Moruisg via Glenuaig

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Attachment(s) Munros: Moruisg
Corbetts: Sgùrr nan Ceannaichean
Date walked: 18/06/2019
Distance: 22.6km
Ascent: 1380m
Views: 658

Roaring to go at Gairich

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Attachment(s) Munros: Gairich
Date walked: 04/06/2018
Distance: 16km
Ascent: 880m
Views: 547

One Creag Mhor at the end of the day

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Attachment(s) Fionas: Creag Mhór (Balquhidder)
Date walked: 30/05/2018
Distance: 4.6km
Ascent: 470m
Views: 604

Sheepish moments on some Amulree Grahams

Fionas: Meall nan Caorach, Meall Reamhar

Date walked: 01/09/2017

Time taken: 2.8 hours

Distance: 11km

Ascent: 620m

After several days at the superb Jessie May's hostel in Birnam, it was nearly time to head southwards again. I wanted a last trip to the hills, but my brother still didn't feel like anything strenuous. So, my cunning plan was to get some early morning exercise, then get back in time to check out and have a leisurely day on our way to East Lothian.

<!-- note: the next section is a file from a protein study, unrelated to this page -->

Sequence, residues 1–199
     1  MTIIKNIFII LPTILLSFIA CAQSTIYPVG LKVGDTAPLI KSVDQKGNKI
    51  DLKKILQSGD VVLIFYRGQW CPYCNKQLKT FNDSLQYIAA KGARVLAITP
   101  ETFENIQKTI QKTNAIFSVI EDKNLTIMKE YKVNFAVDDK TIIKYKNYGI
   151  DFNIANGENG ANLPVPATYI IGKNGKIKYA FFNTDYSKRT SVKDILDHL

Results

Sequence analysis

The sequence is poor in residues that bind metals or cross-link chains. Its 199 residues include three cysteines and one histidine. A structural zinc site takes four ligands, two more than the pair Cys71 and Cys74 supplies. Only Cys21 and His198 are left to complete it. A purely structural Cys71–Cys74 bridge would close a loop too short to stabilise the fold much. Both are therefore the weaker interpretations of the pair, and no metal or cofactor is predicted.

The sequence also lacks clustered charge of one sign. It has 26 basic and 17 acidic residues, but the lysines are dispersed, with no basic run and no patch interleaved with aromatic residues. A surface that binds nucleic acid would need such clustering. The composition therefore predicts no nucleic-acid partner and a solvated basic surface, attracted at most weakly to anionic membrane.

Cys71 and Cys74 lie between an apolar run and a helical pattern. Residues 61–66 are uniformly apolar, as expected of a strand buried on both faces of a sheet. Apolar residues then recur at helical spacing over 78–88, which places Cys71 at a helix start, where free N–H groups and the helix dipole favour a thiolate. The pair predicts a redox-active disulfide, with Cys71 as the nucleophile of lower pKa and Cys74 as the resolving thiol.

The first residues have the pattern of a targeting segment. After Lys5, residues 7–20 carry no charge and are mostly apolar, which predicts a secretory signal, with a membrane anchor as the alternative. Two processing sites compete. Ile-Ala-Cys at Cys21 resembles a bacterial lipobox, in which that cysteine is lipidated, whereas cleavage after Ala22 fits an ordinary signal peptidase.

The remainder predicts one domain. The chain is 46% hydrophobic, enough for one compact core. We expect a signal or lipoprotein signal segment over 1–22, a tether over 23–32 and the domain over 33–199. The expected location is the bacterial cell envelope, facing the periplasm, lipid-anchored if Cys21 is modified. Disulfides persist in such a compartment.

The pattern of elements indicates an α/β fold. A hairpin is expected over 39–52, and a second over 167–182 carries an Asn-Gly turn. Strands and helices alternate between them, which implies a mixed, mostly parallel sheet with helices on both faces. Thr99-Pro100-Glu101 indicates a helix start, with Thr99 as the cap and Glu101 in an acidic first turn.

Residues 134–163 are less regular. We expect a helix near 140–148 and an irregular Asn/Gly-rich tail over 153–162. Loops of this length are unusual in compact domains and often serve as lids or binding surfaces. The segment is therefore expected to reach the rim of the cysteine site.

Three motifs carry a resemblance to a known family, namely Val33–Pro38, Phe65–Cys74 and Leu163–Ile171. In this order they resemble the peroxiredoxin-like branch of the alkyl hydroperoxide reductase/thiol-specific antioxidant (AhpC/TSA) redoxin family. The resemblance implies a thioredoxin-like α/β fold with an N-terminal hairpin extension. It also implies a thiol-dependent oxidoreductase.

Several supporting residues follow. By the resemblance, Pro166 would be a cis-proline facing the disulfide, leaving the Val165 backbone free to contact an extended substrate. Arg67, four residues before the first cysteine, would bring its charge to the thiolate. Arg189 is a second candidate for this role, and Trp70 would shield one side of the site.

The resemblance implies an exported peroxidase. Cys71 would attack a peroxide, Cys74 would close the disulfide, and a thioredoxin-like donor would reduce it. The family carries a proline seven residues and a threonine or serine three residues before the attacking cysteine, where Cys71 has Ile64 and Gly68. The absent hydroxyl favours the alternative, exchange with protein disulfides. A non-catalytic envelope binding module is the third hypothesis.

This did mean indulging slightly less than I'd have liked while enjoying the weekly traditional music session at the Taybank Inn, then a rather early start. About 10 miles of driving brought me to Amulree, where I parked by the community centre (parking free/by contribution) and was on my way by 6:15 am.

The sky had been getting lighter as I went. I was too low down (or too late starting) to get a direct sunrise, but it did catch beautifully on the clouds to my left.
Clouds at sunrise

I kept up a brisk pace for about 1/2 mile of road walking alongside the A822 - I had remembered to take a head-torch, to help make myself visible. There is just sufficient verge to at least jump onto when traffic comes, though actual walking (or jogging) is better done on the tarmac when safe to do so.
South beside the A822